Debt can be like an anaconda around you. As you miss payments, the fees and interest tacks on and it squeezes you tighter and tighter. Now that $10 hamburger you used your credit card for is costing you $25 because of fees and that annual interest rate of 24.99%. Bankruptcy can help offer you the peace and freedom you are looking for.Bankruptcy Filing
There are two types of consumer bankruptcies: Chapter 7 and Chapter 13. Our goal in both types is to get you to have most or all of your debt forgiven (discharged) and let you keep the things that mean most to you, like your home.
In a Chapter 13 Bankruptcy, we are telling the court that you are entitled to relief, but that you make too much money to qualify for a Chapter 7 discharge. For Massachusetts, that number is $70,834 annually, and for New Hampshire, that number is $71,169 annually. That limit is for one earner, so if you have multiple dependents, the number is higher. Meaning, you could make more than that and still qualify for a Chapter 7 petition.
In a Chapter 13 Bankruptcy, you will enter into a payment plan for 3-5 years where you will pay the Trustee one monthly payment and they will pay your creditors on a percentage basis. How much will you pay back? It will depend on your disposable income and total assets. If they are high, you will pay back more. Generally, the debt will pay back a small fraction of what was originally owed at the end of the 36-60 payments. The remainder of the debt is forgiven after completion of those payments.
Again, a Chapter 7 is a complete discharge of the debt, which means that your creditors can never come after you again.How Quickly Does the Debt Relief Come?
To a certain extent, Debt Relief can come quick. Bankruptcy helps to stop collection actions against a debtor and also gives the debtor the relief they need. If a collector is instituting a collection action against the debtor, the filing of the Bankruptcy Petition will “stay” all collection proceedings.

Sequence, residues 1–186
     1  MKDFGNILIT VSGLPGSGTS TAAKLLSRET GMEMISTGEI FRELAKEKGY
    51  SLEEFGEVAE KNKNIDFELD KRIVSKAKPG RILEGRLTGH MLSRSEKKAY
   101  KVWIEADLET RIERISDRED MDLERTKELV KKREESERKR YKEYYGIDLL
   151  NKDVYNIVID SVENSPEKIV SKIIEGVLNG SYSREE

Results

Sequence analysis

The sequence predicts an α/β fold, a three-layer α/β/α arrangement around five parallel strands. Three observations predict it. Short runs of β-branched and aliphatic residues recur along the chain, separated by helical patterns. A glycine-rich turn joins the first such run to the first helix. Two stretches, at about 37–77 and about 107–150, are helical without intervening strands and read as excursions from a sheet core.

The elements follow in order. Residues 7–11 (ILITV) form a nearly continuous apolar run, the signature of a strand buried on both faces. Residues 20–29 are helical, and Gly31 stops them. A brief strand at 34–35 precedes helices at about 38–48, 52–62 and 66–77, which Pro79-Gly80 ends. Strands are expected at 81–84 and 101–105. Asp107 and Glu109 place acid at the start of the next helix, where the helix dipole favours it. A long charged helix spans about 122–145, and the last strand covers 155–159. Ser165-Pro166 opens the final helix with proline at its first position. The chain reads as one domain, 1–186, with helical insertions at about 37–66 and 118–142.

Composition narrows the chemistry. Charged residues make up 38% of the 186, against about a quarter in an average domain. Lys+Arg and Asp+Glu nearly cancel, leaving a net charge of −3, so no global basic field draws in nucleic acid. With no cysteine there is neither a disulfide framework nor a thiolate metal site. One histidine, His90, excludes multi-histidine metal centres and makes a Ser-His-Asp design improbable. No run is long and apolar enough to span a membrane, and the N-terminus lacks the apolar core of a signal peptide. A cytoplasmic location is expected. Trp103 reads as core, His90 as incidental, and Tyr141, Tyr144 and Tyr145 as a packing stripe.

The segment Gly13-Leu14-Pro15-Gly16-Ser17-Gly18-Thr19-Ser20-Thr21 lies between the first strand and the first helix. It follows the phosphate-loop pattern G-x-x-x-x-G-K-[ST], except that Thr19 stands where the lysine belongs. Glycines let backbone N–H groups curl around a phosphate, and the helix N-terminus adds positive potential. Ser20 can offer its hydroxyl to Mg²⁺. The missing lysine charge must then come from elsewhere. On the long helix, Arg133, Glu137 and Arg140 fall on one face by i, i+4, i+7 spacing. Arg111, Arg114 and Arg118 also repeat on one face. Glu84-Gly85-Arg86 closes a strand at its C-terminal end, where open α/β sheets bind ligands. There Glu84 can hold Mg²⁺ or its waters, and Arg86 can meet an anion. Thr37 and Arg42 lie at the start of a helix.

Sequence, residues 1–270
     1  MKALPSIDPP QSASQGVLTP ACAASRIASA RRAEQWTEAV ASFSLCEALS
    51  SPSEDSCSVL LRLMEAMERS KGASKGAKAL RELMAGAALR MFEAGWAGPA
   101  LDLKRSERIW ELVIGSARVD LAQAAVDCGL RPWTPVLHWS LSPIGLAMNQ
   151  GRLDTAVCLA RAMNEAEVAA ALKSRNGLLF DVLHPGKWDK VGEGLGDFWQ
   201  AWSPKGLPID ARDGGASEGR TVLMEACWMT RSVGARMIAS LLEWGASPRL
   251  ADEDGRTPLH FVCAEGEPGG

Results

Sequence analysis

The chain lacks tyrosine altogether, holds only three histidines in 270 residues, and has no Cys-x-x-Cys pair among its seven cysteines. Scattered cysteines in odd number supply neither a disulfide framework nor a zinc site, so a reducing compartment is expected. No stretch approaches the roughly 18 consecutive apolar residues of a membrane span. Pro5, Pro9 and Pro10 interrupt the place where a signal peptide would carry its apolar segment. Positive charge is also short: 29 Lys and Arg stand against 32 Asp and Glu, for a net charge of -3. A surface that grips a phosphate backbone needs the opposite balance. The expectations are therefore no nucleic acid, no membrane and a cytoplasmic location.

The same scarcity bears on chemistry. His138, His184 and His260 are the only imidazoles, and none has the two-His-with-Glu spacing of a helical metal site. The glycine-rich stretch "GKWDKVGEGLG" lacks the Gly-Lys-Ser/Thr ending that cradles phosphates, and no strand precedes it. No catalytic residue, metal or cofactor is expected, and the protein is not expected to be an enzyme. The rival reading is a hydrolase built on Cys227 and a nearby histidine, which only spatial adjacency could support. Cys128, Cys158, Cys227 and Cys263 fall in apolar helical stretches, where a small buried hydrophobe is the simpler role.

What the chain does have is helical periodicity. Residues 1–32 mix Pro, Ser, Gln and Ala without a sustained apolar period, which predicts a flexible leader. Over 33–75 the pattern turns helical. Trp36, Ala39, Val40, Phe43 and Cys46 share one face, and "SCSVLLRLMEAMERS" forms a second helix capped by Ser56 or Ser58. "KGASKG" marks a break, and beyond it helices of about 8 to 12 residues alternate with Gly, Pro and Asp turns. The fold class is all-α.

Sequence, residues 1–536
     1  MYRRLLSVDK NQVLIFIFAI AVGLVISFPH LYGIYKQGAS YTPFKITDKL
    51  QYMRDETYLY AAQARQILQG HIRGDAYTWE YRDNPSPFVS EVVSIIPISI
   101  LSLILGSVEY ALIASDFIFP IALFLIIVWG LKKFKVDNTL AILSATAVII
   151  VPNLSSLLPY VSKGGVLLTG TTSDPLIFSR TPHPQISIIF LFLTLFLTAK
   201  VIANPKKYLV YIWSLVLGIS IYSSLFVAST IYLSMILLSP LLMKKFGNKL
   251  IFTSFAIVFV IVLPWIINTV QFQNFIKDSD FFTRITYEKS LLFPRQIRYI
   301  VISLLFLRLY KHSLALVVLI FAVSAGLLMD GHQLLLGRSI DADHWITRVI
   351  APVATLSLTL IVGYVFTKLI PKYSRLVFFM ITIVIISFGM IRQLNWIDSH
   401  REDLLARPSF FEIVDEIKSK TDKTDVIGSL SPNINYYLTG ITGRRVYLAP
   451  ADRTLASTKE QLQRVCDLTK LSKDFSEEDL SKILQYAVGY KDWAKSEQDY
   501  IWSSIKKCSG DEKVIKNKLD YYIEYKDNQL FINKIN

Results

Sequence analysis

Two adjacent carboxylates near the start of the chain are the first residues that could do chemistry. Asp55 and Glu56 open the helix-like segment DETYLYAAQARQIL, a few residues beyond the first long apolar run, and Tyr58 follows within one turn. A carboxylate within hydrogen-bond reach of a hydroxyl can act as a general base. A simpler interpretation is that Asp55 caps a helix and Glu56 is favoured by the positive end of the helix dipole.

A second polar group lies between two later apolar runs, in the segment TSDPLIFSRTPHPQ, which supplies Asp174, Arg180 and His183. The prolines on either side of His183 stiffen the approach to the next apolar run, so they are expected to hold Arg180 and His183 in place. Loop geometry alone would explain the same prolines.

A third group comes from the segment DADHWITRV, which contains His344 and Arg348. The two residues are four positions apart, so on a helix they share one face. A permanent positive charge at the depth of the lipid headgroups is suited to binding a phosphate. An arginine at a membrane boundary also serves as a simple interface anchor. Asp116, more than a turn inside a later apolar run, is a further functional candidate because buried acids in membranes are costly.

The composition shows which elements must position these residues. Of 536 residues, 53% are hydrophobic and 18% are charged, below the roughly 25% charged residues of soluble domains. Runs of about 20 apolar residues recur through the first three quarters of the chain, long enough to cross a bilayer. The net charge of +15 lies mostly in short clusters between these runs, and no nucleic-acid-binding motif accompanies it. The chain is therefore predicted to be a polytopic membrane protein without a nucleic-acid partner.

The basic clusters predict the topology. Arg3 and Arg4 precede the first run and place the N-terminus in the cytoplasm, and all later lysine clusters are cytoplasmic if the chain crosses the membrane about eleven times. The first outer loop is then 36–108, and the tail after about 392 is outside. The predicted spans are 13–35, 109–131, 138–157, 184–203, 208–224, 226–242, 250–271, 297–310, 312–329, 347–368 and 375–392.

A classic example would be if a collector is foreclosing on a house. The collector has gone to court and even gotten an order to sell the house at auction. An auction is scheduled for tomorrow. The debtor is living in the home and needs time to relocate. The moment the bankruptcy is filed, the attorney will send notice of the bankruptcy to the foreclosure attorney/collector. In that letter they will include the “Notice of Bankruptcy Case Filing” which tells the creditor that there is an order to “stay” (stop) all collection actions. The auction will then be cancelled or the bank risks having stiff penalties levied against them.
Once the bankruptcy petition is filed, it is generally 45 days or so until there is a meeting of the creditors. For a Chapter 7 case, once the meeting occurs in front of the Bankruptcy Trustee, discussed elsewhere, the Trustee will enter an order. If they enter an order finding that there are no assets and the debtor is entitled to discharge, the creditors will generally have 60 days to object.
During that 60 days, a creditor could object to the discharge for a variety of reasons, but they often do not, especially where the debtor has no assets. At the expiration of that 60 days, the court will enter an order “discharging” the debt and the debtor is now debt free. Things like student loans and support obligations will not be discharged.
Debt can be a tough thing to overcome. You don’t have to solve the problem alone. We can help you get the debt relief you need. Call the Bankruptcy Lawyers at Marcotte Law Firm today for a free consultation at (978) 458–1229.